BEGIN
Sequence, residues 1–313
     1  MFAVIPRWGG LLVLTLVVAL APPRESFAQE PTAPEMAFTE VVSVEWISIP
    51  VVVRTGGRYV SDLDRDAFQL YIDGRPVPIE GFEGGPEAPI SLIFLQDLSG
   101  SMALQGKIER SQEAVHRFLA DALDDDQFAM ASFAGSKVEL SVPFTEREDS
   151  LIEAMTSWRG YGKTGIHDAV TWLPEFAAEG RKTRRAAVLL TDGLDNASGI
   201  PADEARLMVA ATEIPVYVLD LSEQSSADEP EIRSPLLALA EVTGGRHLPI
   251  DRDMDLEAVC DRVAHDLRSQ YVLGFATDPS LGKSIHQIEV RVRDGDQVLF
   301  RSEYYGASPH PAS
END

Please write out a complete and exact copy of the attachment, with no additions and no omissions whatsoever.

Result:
Sequence, residues 1–313
     1  MFAVIPRWGG LLVLTLVVAL APPRESFAQE PTAPEMAFTE VVSVEWISIP
    51  VVVRTGGRYV SDLDRDAFQL YIDGRPVPIE GFEGGPEAPI SLIFLQDLSG
   101  SMALQGKIER SQEAVHRFLA DALDDDQFAM ASFAGSKVEL SVPFTEREDS
   151  LIEAMTSWRG YGKTGIHDAV TWLPEFAAEG RKTRRAAVLL TDGLDNASGI
   201  PADEARLMVA ATEIPVYVLD LSEQSSADEP EIRSPLLALA EVTGGRHLPI
   251  DRDMDLEAVC DRVAHDLRSQ YVLGFATDPS LGKSIHQIEV RVRDGDQVLF
   301  RSEYYGASPH PAS